U-M to Establish New China Partnerships Valued at $54M

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Leaders with the Ann Arbor-based University of Michigan are entering into several agreements with Chinese institutions. The agreements, some of which are preliminary, add up to more than $54 million and will contribute to research in key areas, such as autonomous vehicles and water safety.

“Societal challenges such as water quality and the safety and sustainability of transportation transcend national borders,” says S. Jack Hu, president for research at U-M who is in China this month along with Gov. Rick Snyder. “These collaborations bring together the complementary expertise, resources, and cultural perspectives of the U.S. and China to find realistic solutions to these extraordinarily complex global problems for the benefit of all.”

A memorandum of understanding with the Beijing Institute for Collaborative Innovation and the Southern University of Science and Technology aims to establish a Global Collaboratory in Water Technology. Funding for the $25 million, five-year partnership would be provided by the Beijing Institute, an organization founded by 14 Chinese universities.

The collaboratory is expected to have three sites — Ann Arbor, Beijing, and Shenzhen — and funding will be divided among those locations.

Lutgarde Raskin, a professor of civil and environmental engineering, will lead the effort of the collaboratory at U-M, which will identify technology gaps in water treatment and monitoring and develop solutions to provide clean and safe water to urban environments.

A $2.5 million research agreement with the Chongqing Sokon Industry Group, which manufactures and distributes auto parts, will establish the University of Michigan-Sokon Research Center in U-M’s Department of Mechanical Engineering. The center will work to advance research on connected and automated vehicles through the work of 13 faculty members, researchers, and graduate students at both institutions.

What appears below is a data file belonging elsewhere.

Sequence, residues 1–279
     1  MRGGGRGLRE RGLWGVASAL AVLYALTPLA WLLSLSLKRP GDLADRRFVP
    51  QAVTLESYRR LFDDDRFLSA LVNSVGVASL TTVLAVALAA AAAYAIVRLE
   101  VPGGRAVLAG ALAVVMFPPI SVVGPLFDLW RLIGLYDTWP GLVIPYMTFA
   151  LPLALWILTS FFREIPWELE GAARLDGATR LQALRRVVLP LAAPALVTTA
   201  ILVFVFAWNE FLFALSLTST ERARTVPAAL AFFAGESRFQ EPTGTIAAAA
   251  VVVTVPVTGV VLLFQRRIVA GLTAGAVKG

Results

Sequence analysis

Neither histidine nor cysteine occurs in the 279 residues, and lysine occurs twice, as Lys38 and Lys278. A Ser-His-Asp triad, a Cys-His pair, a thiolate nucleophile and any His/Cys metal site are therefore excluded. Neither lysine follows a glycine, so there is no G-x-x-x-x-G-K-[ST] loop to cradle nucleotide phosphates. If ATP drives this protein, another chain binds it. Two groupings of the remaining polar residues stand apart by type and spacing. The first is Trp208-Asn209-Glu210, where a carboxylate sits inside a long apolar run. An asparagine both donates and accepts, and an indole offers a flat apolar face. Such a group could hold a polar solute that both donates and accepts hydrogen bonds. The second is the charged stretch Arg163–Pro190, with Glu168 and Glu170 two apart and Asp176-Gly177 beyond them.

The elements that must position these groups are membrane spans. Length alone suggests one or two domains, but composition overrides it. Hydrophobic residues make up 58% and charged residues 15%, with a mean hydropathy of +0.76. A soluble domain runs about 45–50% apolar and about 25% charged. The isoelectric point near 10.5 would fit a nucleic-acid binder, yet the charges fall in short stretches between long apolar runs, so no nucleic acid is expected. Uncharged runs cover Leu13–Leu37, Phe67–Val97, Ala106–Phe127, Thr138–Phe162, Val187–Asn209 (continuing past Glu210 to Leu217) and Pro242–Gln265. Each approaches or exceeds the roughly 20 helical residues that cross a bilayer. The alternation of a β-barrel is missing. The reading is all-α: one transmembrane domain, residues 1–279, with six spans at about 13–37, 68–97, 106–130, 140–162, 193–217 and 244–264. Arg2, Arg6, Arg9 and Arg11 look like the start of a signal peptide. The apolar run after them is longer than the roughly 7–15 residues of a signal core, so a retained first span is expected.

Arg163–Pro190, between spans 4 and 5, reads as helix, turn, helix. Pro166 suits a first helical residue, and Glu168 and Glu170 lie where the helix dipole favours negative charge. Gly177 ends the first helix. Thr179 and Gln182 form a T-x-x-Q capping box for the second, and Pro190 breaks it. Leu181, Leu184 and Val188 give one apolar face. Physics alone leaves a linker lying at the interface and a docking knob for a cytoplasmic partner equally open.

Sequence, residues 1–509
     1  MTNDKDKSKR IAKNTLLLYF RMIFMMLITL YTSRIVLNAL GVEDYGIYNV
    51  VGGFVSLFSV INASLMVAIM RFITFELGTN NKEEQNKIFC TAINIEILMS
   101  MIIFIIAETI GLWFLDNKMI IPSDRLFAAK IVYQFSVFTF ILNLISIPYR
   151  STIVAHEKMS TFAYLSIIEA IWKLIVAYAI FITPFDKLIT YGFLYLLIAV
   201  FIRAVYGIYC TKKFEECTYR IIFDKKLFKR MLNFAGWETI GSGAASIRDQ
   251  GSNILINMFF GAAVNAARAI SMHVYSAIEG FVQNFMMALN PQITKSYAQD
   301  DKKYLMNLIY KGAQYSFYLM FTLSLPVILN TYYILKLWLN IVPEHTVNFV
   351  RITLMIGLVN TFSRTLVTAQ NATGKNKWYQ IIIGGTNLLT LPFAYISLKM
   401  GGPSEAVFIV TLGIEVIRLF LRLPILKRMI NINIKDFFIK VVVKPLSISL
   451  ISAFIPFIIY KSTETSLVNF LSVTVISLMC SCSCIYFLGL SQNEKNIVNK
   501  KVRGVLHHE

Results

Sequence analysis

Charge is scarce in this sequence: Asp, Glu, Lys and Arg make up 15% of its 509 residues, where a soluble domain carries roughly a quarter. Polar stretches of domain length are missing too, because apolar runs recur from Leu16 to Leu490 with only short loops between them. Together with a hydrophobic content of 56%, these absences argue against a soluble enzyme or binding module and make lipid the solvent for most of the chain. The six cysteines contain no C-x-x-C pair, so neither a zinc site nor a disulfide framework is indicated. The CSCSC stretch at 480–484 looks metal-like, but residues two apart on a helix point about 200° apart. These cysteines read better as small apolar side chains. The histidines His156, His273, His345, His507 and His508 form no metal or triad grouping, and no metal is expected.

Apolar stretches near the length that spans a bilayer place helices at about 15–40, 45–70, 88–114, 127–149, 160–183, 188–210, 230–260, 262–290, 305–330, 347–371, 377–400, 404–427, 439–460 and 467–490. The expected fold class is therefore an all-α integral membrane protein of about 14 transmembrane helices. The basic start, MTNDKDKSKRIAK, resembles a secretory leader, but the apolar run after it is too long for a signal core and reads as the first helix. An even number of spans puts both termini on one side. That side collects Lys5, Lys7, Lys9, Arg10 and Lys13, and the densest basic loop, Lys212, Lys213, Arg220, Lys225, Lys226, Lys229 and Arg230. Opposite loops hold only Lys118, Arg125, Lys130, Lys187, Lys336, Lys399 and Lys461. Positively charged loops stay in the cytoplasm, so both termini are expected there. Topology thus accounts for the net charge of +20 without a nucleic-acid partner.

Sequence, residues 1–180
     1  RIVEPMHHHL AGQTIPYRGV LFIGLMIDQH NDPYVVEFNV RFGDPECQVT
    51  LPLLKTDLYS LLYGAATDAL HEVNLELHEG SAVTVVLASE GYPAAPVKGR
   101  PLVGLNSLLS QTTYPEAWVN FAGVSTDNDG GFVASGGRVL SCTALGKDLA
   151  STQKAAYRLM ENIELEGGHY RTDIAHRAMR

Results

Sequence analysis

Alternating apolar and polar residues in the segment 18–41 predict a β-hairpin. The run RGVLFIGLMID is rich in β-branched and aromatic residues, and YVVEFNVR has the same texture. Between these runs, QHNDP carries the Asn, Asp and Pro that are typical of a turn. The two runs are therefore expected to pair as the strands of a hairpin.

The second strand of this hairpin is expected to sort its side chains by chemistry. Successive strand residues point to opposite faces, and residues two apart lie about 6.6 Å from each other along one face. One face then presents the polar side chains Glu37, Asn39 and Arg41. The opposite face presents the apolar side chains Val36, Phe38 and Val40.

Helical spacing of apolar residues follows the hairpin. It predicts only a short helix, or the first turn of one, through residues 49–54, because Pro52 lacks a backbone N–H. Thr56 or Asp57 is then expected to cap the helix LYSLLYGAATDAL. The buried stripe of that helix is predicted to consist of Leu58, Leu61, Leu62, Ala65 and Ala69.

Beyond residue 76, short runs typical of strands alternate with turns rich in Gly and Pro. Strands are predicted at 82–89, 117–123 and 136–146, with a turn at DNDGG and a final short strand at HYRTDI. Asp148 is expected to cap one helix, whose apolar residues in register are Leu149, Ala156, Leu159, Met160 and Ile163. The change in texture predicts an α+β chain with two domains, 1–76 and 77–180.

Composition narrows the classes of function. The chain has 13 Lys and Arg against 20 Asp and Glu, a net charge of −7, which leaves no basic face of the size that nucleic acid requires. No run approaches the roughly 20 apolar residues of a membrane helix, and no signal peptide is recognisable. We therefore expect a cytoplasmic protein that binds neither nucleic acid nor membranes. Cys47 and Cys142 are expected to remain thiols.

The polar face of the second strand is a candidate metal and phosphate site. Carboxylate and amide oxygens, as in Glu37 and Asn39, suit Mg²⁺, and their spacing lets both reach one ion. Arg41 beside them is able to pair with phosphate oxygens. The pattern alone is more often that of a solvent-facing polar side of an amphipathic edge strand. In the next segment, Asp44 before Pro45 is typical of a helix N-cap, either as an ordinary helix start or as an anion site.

Huei Peng, a professor of mechanical engineering and director of U-M’s Mobility Transformation Center will lead the new center, which will be funded by Sokon.

A $27 million research agreement with Shenzhen-based investment firm Frontt Capital Management will establish a Joint Research Center for Intelligent Vehicles at U-M. It will also contribute toward construction of the recently approved Robotics Laboratory and a vehicle garage on U-M’s North Campus near Mcity, the simulated urban-suburban environment for testing connected and automated vehicles.

As part of the agreement, U-M researchers will also advise Frontt on design of an autonomous vehicle test facility in Shenzhen.

These three agreements follow a memorandum of understanding on a $25 million Global Collaboratory in Advanced Manufacturing that U-M entered into in October with Beijing Institute of Collaborative Innovation and the Southern University of Science and Technology.

The institutions aim to formalize the Global Collaboratory early next year.

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